What’s great about Seven Principles for Making Marriage Work is that it’s based a long term study by author John Gottman, his colleagues, and grad students, who set out to find out what successful couples do so that they could use it in their couples therapy work. They took a long time to discover the principles, over fifteen years. The prerequisites for succeeding in a long term relationship were not what What Gottman and colleagues expected to find.
Gottman’s work stood in stark contrast to the other ideas out there: what passes for common sense, observations from one person’s private practice or small clinic, anecdotal notions about what should work. I knew my clients deserved better; I badly wanted that one book to be a cornerstone for effective work with couples. In some ways, it can.
While the book is easy to read and makes sense to most people, that was not enough for my clients. They got it, got excited, but wouldn't go on to do the exercises in it. I got frustrated trying to implement the lessons in Seven Principles. Having spent years as a corporate trainer and adult ed instructor, I knew that people learn by making sense of things for them selves, having new experiences they learn from directly. Having a new experience is what motivates people to change how they act. That’s the essential part. I wanted my clients to succeed by having these new experiences with their partners.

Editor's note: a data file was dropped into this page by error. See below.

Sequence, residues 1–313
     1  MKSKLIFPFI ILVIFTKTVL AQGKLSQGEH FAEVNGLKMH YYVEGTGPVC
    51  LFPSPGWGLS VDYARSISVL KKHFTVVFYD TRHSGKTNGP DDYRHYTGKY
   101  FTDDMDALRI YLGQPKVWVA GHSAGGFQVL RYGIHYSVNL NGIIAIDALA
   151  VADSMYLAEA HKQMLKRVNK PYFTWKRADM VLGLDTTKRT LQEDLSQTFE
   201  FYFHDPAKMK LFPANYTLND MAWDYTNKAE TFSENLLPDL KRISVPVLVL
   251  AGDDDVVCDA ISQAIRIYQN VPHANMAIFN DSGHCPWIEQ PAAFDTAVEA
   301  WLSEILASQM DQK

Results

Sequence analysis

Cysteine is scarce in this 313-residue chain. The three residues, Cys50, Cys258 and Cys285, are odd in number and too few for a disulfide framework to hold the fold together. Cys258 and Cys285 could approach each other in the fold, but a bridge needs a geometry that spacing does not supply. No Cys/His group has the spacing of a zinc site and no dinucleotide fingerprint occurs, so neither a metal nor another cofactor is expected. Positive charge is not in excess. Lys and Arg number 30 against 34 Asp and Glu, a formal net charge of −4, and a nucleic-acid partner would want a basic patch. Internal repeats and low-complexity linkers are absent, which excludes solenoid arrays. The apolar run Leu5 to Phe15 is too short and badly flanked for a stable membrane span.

Thinking one book couldn’t do all I needed for my couples counseling clients; I started obsessively testing it. While the ideas made sense to me intellectually, my real life observation was that people needed to be relaxed enough to practice the suggestions, and too often they weren’t. I turned to my study of Zen, mindfulness meditation, yoga and exercise for answers to how to stay calm and connected to others, especially under stress. I knew from experience these practices allowed me and others to do just that.